Be prepared with a recovery plan that works

SecureWorks is advising organizations to be proactive at protecting their information technology assets in case they are faced with a natural or man-made disaster. This means that it is critical for organizations to have a solid disaster recovery plan in place, prior to an incident occurring. To illustrate the threat, back-to-back hurricanes and tropical storms, i.e.: Gustav, Hanna and Ike, have had devastating effects on entire regions of the country. And the threat is not over as hurricane season begins June 1st and ends on November 30th, with most hurricanes occurring mid August through mid October.

Although hurricanes originate in the Atlantic and Eastern Pacific oceans before making landfall along coastal states, organizations in other geographical areas should be concerned with preventing business disruptions as well. According to news reports, the affects of Hurricane Ike, for example, reached areas like Illinois, Ohio, Kentucky and New York, causing floods, wind damage and power outages. Kentucky alone saw winds of up to 75 mph and had four deaths attributed to the storm.

For companies who have not yet formalized their BCP plans, here are some guidelines which are aligned with some of today’s common regulations:

  • Make sure your business continuity plan has a section for disaster recovery, and make sure your BCP is enterprise-wide, considering every critical aspect of your business including personnel and physical workspace. The BCP should include a sequence of tasks and responsibilities that are clearly spelled out.
  • Do a thorough business impact analysis (including a security business impact analysis) and risk assessment.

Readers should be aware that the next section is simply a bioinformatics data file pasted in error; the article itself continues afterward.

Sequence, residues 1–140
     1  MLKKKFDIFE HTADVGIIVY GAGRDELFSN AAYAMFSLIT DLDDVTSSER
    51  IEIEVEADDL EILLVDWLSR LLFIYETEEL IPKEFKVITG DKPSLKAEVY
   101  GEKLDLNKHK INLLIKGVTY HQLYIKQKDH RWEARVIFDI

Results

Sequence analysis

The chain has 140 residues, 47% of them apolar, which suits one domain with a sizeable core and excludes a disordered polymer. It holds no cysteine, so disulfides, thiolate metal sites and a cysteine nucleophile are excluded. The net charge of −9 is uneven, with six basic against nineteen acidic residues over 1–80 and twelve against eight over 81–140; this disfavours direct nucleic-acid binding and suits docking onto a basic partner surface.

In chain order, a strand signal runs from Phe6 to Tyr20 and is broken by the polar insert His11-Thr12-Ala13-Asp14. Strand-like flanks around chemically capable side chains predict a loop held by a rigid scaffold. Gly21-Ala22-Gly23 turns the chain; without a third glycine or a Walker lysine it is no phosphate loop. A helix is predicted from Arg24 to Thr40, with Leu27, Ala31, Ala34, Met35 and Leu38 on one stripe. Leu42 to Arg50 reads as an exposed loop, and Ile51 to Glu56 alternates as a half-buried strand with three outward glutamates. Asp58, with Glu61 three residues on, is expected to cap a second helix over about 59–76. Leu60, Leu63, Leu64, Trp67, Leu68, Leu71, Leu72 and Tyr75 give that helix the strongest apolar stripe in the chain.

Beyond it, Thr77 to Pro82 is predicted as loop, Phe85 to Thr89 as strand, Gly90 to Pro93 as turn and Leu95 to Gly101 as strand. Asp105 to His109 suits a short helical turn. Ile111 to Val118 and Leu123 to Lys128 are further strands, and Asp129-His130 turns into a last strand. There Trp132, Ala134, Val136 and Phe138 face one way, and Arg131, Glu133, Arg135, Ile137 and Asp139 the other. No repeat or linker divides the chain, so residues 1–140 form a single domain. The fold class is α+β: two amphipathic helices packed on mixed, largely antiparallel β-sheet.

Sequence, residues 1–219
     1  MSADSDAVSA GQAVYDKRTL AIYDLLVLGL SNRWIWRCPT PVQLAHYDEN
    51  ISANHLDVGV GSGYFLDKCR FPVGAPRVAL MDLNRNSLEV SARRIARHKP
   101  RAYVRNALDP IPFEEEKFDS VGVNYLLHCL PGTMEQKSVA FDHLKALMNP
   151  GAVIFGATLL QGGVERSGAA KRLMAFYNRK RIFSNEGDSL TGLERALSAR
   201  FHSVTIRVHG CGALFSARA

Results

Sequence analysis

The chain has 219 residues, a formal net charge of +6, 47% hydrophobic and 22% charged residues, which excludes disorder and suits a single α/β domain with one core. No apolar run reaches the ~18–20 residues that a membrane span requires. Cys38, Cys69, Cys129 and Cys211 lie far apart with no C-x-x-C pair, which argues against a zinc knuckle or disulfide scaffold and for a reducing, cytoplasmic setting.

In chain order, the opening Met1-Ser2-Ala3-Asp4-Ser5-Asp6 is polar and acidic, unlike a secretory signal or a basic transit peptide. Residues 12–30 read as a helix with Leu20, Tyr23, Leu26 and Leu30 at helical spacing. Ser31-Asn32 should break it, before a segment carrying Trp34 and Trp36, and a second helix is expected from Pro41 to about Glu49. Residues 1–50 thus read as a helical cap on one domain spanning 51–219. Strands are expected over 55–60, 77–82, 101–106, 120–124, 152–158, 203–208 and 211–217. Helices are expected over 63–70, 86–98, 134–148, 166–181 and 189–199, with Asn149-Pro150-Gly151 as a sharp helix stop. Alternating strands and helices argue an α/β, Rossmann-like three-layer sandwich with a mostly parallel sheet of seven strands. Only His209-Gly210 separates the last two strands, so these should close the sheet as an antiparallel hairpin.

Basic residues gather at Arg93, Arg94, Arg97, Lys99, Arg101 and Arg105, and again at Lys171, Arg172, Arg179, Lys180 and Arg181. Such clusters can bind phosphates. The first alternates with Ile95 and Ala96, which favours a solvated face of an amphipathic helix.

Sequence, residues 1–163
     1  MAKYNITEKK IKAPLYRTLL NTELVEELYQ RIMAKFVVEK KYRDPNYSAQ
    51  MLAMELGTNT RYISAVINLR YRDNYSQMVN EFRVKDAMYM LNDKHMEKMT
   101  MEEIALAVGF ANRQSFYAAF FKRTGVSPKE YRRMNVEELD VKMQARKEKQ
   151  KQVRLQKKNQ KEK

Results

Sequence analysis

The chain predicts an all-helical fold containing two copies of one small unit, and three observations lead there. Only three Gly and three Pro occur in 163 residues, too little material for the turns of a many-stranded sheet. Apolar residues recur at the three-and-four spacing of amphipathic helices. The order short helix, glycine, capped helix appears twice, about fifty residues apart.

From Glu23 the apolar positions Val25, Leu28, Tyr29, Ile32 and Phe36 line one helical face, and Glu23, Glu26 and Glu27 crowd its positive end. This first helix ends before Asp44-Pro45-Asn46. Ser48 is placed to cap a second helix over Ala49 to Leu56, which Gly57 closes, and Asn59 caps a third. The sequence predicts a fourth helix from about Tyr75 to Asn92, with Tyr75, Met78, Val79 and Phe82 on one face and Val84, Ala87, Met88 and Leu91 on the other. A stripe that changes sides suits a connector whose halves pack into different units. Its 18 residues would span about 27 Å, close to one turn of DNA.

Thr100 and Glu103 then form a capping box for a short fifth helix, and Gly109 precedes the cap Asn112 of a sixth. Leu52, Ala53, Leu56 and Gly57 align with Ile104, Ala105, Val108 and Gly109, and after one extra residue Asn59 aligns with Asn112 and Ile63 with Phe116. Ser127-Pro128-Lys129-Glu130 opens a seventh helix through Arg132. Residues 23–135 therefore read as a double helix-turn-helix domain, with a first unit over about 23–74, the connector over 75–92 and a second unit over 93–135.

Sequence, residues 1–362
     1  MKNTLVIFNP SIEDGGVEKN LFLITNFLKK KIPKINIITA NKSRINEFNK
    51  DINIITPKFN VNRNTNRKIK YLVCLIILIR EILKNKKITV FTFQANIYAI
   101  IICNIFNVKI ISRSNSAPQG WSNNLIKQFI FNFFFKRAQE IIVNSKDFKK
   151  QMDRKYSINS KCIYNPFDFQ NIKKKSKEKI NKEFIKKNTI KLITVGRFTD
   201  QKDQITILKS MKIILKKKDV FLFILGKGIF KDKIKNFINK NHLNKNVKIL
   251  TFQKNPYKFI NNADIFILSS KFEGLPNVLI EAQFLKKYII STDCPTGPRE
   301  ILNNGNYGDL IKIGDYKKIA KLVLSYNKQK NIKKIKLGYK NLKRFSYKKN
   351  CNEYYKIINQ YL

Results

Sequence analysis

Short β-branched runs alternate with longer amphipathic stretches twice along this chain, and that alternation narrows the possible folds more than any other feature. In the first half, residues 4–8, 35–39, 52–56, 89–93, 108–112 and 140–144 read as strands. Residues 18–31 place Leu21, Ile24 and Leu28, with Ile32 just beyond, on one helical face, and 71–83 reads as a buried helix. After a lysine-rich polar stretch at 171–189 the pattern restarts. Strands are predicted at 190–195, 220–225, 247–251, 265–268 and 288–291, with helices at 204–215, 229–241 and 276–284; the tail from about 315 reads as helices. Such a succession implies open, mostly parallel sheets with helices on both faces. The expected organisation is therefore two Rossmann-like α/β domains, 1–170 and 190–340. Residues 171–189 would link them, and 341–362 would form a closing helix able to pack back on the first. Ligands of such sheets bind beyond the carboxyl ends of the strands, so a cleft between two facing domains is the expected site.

• Test your BCP for its effectiveness, and make adjustments/updates to reflect changes in your organization. Testing is recommended at least on an annual basis, and you should include third parties like data processors, managed security service providers and core processors.
  • Identify alternate locations to operate from in the event you are no longer able to conduct business from your office. This should include a capacity for data centers, computer operations and telecommunications.
  • Back up data, operating system configurations, applications and utility programs, and identify alternate telecommunications.
  • Identify off-site storage for back up media, supplies and documents such as your BCP, inventory list, operating and other procedures, etc.
  • Make sure you have alternate power supplies in case you are without electricity (uninterruptible power supplies [UPS] and back-up generators).
  • Assemble a team in advance and designate people who are responsible for various tasks in the event of a disaster. All personnel should be trained in their contingency-related duties and new personnel should be trained as they join your organization.

Many organizations and regulating bodies have guidelines on how companies should handle data loss prevention, response and recovery. The Federal Financial Institutions Examination Council (FFIEC), which prescribes uniform principles and standards for financial institutions, outlines key areas of a business continuity plan (BCP) in its Business Continuity Planning IT Examination Handbook.

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